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In light of a surge in illicit activities associated with the over-the-counter (OTC) crypto trading market, South Korea is increasing its regulatory scrutiny. Financial regulators in this tech-forward nation are actively delving into the largely unregulated domain of OTC crypto trading in the Asian country.
The report claims a sense of urgency to establish concrete regulatory measures amid mounting concerns regarding possible abuse in money laundering and other illegal endeavors.
Increasing Pressure On OTC Crypto Exchanges
In a discussion titled “Criminal Legal Issues Related to Virtual Assets,” key regulatory authorities such as Deputy Chief Prosecutor Ki No-Seong and the Financial Services Commission’s Park Min-woo emphasized the potential dangers of the unregulated OTC crypto sector, according to local news sources.
Mr. Ki No-Seong emphasized the critical nature of regulating alleged illicit OTC crypto entities. These companies, often operating from foreign territories, facilitate unauthorized conversion of virtual currencies into the Korean won or other global currencies, according to No-Seong.
The predominant issue is that these entities function without official registration, circumventing established trading business norms in South Korea.
Unlike official exchanges recognized by the government, the OTC crypto market operates in the shadows. According to the report, while leading regulated crypto platforms in South Korea, such as Upbit, deal with roughly 192 digital currencies, OTC platforms have a roster of up to 700.
These platforms, including peer-to-peer (P2P) exchanges, allow users to transact beyond the purview of established regulatory platforms.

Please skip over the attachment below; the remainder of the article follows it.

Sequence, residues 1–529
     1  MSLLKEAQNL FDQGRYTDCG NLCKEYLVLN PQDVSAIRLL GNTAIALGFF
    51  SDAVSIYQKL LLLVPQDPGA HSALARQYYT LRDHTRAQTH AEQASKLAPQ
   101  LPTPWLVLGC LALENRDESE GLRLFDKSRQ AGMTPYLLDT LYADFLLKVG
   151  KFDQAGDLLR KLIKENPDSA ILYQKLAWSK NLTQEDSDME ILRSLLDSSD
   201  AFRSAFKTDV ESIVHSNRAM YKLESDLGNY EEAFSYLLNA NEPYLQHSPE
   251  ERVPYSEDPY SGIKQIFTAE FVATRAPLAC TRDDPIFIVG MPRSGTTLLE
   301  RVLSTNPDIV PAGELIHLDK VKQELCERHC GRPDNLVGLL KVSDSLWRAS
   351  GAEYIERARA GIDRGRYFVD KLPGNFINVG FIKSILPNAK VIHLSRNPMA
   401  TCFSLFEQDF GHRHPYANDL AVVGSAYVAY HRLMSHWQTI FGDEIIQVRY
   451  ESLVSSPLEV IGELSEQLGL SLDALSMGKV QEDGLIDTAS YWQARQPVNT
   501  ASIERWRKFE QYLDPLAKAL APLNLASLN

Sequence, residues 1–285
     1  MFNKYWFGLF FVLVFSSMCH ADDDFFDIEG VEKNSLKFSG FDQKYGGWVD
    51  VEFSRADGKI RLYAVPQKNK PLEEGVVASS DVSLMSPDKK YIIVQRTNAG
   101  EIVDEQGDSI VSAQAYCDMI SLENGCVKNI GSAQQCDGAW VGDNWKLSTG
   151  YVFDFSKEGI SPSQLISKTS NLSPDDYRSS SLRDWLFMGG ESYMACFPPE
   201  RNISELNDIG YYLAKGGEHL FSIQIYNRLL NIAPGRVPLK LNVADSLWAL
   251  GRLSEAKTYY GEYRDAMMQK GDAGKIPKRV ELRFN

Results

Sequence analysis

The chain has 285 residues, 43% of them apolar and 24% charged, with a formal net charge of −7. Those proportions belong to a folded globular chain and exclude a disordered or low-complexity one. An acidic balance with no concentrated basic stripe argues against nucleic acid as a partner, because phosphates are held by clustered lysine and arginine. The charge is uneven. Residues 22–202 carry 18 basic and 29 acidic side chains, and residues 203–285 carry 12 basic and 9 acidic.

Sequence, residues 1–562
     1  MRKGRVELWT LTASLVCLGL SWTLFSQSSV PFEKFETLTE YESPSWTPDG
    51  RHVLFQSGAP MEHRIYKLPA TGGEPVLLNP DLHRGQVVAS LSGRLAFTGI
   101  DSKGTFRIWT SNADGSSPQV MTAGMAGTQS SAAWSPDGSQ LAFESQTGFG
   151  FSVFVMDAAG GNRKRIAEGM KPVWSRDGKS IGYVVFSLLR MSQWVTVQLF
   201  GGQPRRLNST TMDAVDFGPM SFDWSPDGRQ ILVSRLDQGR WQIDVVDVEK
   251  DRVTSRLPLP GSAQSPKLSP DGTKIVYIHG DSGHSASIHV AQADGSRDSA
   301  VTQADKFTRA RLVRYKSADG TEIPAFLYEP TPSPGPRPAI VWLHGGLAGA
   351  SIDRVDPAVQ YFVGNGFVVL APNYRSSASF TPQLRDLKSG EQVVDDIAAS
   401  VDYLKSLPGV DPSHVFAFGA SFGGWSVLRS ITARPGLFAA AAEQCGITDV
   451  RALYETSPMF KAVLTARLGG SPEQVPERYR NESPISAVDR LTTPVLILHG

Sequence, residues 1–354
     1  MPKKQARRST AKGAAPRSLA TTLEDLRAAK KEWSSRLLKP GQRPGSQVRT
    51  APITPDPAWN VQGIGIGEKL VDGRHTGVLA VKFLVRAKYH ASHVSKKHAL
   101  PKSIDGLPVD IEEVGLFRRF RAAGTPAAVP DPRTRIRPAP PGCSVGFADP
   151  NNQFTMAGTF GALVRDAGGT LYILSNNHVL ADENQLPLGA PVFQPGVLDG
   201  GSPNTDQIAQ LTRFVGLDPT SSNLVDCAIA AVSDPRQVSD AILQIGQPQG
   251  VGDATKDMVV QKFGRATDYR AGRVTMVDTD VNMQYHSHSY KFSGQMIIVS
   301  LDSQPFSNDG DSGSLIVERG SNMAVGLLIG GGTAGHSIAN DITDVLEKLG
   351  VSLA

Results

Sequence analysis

Cases That Catalyzed The Call For Stricter Regulation
Illicit transactions via OTC platforms haven’t gone unnoticed. One prominent case the report highlighted involved the International Crimes Investigation Department of the Incheon District Prosecutors’ Office.
Three individuals were apprehended and indicted for engaging in unauthorized foreign exchange operations from October 2021 to October last year.
These individuals had allegedly acquired digital currency worth $70.9 million (94 billion won) from foreign OTC platforms on behalf of Libyan clients. The assets were subsequently liquidated into cash within Korean borders.
The extent of these illicit dealings isn’t limited to isolated incidents. The Korea Customs Service offers a more extensive picture, estimating unlawful foreign exchange transactions via digital currency to be $4 billion (5.6 trillion won) in 2022.
Particularly, the Customs data reveals that the total value implicated in financial misdeeds surged from 3.2 trillion won ($2.5 billion) in 2021 to 8.2 trillion won ($6.2 billion) the following year.
Nearly 70% of the illicit financial activity tracked by officials involved crypto transactions. Interestingly, according to the report, the sum of seized digital currencies, totaling $4.3 billion, originated from just 15 transactions.
These operations were primarily designed to buy overseas digital assets to sell them later domestically, capitalizing on South Korea’s regulatory environment, which often results in elevated prices for foreign cryptocurrencies for local buyers.
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